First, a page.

@Simon Withers: ...Or 2- you can calculate the probability exactly, by working out the pmf, using the techniques in the paper. The probability is the the discrete sum of the pmf from T to infinity. Practically, you only need to work out the partial sum with say 100 terms because it converges so quickly. This is the method I recommend. Its more trouble, but its exact. Good luck! –  A. N. Other Oct 10 '10 at 21:06
1  
@Simon Withers: A new revision of the paper on scribd now has a table with the odds of achieving target numbers 1 to 50 for steps 1 to 12. In addition, it details how these calculations were done. –  A. N. Other Oct 11 '10 at 8:37

Preliminary

Dice Table

     6              8              10     12
1    0.166666667    0.125          0.1    0.083333333
2    0.166666667    0.125          0.1    0.083333333
3    0.166666667    0.125          0.1    0.083333333
4    0.166666667    0.125          0.1    0.083333333
5    0.166666667    0.125          0.1    0.083333333
6    0              0.125          0.1    0.083333333
7    0.027777778    0.125          0.1    0.083333333
8    0.027777778    0              0.1    0.083333333
9    0.027777778    0.015625       0.1    0.083333333
10   0.027777778    0.015625       0      0.083333333
11   0.027777778    0.015625       0.01   0.083333333
12   0              0.015625       0.01   0
13   0.00462963     0.015625       0.01   0.006944444
14   0.00462963     0.015625       0.01   0.006944444
15   0.00462963     0.015625       0.01   0.006944444
16   0.00462963     0              0.01   0.006944444
17   0.00462963     0.001953125    0.01   0.006944444
18   0              0.001953125    0.01   0.006944444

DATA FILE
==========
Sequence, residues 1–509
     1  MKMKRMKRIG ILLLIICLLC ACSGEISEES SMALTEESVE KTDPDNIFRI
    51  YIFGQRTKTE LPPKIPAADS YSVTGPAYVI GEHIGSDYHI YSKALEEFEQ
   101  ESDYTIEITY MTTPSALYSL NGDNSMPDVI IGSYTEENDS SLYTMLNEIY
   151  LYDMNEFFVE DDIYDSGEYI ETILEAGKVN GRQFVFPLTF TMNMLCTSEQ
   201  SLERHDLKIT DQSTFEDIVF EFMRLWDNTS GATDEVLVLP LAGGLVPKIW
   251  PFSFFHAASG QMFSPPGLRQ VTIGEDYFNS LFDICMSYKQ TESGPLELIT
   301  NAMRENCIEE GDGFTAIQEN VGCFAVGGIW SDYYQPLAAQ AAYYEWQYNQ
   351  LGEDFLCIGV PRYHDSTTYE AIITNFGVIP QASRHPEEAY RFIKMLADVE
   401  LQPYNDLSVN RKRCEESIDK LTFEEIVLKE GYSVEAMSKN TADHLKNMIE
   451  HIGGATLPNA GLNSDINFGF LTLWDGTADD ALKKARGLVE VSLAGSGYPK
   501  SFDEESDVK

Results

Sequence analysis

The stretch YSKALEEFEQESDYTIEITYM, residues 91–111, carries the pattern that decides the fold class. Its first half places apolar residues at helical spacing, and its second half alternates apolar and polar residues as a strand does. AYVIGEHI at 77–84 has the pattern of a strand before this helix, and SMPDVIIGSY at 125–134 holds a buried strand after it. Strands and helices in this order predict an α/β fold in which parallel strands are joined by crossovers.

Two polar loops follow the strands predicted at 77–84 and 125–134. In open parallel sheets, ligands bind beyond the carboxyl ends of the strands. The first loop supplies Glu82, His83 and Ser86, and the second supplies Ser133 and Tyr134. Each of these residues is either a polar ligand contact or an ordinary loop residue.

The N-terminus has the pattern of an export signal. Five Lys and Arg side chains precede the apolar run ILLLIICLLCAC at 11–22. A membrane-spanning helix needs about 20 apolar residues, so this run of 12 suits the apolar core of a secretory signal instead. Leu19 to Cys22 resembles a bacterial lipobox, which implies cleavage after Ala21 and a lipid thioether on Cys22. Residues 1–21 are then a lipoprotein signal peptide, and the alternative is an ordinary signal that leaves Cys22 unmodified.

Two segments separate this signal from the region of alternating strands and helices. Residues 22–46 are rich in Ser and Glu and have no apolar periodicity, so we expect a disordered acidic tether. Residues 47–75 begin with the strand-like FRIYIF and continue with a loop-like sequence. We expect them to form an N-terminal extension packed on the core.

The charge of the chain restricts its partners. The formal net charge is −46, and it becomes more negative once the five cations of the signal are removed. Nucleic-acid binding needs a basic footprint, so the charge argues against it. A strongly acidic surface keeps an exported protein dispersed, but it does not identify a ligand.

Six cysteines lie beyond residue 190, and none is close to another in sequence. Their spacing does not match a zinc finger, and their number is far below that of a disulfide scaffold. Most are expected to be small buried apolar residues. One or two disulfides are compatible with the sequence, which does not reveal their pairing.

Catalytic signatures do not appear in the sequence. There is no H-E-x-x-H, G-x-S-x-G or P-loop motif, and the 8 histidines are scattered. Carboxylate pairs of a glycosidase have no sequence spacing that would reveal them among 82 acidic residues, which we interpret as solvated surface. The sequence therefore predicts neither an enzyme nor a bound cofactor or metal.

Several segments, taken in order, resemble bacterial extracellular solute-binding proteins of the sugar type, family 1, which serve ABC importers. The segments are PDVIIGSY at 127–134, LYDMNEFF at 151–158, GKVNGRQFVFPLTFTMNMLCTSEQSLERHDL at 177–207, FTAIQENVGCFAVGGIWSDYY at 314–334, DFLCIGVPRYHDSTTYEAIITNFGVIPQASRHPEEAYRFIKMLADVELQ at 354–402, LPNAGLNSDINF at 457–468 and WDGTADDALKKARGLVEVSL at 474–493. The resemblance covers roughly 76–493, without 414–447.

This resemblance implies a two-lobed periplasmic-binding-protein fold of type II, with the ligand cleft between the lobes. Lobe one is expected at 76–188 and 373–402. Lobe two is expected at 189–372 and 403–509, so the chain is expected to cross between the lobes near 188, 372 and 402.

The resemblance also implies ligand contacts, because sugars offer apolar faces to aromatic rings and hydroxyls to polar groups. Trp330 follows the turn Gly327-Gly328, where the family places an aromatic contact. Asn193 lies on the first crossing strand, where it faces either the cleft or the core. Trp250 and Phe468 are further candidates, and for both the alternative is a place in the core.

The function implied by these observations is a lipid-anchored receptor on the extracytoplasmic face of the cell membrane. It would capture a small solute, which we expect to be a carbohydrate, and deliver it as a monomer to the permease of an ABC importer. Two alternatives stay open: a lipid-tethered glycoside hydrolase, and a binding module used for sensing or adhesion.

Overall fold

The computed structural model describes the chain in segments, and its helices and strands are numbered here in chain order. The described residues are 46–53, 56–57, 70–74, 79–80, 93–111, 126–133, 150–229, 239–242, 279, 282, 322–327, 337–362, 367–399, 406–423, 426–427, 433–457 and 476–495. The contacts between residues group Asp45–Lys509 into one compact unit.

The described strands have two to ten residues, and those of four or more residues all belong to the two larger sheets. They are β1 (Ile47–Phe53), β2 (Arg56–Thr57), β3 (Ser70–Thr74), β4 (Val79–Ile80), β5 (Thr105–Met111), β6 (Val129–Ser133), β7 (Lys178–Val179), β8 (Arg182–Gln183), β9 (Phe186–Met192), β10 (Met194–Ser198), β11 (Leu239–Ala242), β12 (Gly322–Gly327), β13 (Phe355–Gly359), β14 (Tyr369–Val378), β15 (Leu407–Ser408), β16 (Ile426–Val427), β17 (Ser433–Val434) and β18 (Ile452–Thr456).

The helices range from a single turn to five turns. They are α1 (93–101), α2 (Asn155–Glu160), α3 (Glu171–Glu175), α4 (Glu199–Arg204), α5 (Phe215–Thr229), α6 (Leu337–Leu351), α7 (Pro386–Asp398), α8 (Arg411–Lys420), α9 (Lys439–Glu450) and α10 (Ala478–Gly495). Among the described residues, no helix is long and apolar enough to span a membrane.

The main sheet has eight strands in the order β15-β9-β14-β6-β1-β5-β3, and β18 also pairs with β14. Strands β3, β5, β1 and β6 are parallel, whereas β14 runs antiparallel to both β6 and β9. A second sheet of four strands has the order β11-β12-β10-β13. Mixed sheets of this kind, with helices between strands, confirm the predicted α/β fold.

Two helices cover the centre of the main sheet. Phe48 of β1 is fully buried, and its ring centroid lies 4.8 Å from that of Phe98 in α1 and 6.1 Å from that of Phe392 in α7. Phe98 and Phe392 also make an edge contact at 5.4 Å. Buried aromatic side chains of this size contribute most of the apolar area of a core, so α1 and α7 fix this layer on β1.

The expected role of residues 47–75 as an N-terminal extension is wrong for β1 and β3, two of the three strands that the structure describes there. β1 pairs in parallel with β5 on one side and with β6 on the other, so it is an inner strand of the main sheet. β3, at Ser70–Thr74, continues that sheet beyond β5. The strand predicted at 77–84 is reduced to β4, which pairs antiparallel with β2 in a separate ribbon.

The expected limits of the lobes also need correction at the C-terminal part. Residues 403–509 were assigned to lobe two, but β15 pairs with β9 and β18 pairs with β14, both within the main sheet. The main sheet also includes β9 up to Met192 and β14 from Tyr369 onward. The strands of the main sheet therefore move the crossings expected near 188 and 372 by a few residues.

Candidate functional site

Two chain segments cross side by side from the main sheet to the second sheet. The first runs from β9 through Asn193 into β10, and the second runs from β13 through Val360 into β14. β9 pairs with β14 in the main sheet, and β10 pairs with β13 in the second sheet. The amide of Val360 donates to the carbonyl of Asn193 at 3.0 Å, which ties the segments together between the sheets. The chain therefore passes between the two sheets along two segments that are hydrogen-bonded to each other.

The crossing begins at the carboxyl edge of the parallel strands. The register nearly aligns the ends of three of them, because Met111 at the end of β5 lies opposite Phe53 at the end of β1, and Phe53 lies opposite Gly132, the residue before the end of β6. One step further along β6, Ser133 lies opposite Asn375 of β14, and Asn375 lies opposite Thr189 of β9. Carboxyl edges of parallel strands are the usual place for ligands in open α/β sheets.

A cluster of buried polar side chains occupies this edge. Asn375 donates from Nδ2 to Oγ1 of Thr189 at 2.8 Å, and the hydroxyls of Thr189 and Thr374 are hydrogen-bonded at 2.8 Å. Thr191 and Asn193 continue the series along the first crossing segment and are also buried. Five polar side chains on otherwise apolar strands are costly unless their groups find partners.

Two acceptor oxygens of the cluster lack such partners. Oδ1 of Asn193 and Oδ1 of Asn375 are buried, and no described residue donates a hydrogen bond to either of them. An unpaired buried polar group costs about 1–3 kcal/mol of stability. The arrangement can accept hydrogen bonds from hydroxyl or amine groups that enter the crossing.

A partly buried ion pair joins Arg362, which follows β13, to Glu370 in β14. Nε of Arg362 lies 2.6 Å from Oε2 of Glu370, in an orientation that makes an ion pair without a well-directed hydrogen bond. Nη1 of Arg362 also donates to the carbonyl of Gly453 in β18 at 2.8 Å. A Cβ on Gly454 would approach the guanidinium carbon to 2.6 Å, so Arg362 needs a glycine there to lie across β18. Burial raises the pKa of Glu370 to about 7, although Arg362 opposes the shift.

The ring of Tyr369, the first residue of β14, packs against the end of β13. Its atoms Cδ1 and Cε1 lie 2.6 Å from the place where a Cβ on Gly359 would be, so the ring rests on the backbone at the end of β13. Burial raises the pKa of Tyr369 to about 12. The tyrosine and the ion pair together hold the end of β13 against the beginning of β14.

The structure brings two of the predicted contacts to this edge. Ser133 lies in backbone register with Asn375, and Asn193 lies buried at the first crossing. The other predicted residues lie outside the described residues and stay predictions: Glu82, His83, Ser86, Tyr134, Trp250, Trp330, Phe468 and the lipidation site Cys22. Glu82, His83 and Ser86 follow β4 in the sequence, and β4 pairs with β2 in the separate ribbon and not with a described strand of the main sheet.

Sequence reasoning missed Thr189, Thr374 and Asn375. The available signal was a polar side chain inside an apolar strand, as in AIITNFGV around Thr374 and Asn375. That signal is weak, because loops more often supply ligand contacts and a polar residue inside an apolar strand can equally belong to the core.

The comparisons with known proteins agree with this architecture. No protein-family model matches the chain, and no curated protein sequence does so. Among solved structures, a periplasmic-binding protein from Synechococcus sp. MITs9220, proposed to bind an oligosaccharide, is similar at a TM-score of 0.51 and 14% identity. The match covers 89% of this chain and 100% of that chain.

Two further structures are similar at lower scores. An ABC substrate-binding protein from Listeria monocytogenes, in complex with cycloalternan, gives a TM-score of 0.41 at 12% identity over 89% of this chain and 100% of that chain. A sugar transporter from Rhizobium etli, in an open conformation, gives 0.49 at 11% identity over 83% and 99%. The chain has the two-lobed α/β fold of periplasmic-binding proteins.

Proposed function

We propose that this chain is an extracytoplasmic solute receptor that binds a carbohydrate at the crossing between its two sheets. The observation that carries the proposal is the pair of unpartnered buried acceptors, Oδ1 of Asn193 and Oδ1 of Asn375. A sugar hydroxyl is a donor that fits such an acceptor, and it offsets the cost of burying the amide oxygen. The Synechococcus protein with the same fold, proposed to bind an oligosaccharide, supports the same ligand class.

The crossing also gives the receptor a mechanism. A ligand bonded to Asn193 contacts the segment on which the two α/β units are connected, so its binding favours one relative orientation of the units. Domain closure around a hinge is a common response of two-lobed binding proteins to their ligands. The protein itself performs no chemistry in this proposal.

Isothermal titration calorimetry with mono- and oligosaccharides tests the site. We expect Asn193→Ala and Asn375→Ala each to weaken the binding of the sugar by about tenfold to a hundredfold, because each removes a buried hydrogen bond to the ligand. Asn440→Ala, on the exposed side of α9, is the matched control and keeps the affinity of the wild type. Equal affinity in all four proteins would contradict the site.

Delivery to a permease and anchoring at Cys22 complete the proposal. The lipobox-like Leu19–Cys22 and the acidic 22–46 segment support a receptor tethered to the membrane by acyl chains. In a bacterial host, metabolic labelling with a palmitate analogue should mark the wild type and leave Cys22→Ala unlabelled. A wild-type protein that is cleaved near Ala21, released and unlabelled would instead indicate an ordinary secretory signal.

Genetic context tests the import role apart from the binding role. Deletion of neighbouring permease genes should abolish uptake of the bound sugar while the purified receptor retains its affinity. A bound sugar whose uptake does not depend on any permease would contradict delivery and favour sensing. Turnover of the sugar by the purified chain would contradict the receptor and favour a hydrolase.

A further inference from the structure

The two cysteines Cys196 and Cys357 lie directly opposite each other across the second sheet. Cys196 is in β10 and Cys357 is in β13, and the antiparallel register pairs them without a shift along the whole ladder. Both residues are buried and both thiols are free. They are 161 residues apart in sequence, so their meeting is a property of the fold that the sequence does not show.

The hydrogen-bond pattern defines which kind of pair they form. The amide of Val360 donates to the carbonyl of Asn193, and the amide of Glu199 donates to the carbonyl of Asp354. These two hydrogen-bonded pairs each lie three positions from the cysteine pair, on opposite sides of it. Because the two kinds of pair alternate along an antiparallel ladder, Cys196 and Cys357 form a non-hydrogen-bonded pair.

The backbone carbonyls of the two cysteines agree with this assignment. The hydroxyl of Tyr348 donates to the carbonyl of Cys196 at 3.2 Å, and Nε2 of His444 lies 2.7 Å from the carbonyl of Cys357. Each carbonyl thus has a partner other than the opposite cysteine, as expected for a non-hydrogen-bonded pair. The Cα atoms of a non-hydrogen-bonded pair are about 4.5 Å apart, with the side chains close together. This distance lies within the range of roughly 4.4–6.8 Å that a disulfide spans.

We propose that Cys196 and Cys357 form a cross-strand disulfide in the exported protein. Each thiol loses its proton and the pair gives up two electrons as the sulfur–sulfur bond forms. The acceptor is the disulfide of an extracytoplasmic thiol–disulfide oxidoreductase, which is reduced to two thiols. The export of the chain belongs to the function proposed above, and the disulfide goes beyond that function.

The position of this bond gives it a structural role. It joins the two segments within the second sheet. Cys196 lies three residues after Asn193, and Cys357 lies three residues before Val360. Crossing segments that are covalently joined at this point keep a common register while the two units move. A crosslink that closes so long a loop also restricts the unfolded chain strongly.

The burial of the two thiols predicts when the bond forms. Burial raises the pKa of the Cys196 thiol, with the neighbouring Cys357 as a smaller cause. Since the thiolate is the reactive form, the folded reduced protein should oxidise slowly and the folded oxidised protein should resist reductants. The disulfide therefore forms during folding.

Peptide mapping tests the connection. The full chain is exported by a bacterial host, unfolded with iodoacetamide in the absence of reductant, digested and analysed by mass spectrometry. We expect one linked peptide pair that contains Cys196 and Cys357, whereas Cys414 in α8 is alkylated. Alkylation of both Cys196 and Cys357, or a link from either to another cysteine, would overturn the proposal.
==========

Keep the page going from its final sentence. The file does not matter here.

19   0.000771605    0.001953125    0.01   0.006944444
20   0.000771605    0.001953125    0      0.006944444
21   0.000771605    0.001953125    0.001  0.006944444
22   0.000771605    0.001953125    0.001  0.006944444
23   0.000771605    0.001953125    0.001  0.006944444
24   0              0              0.001  0
25   0.000128601    0.000244141    0.001  0.000578704
26   0.000128601    0.000244141    0.001  0.000578704
27   0.000128601    0.000244141    0.001  0.000578704
28   0.000128601    0.000244141    0.001  0.000578704
29   0.000128601    0.000244141    0.001  0.000578704
30   0              0.000244141    0      0.000578704

Calculated using Excel formula

=IF(0=MOD(TOTAL,DIE_SIDES), 0, 1/POWER(DIE_SIDES, 1+FLOOR(TOTAL/DIE_SIDES,1)))

Feel free to use this in your answer

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Before you vote me down, I know this is hardly an answer to the overall question. It'll take several hours of work to do that, and I wanted to get something usable up before that. –  C. Ross Oct 7 '10 at 0:09
    
Maybe make this answer a community wiki then, since it's a resource for the other answers. –  SevenSidedDie Oct 7 '10 at 0:14
    
@SevenSidedDie good point. –  C. Ross Oct 7 '10 at 0:16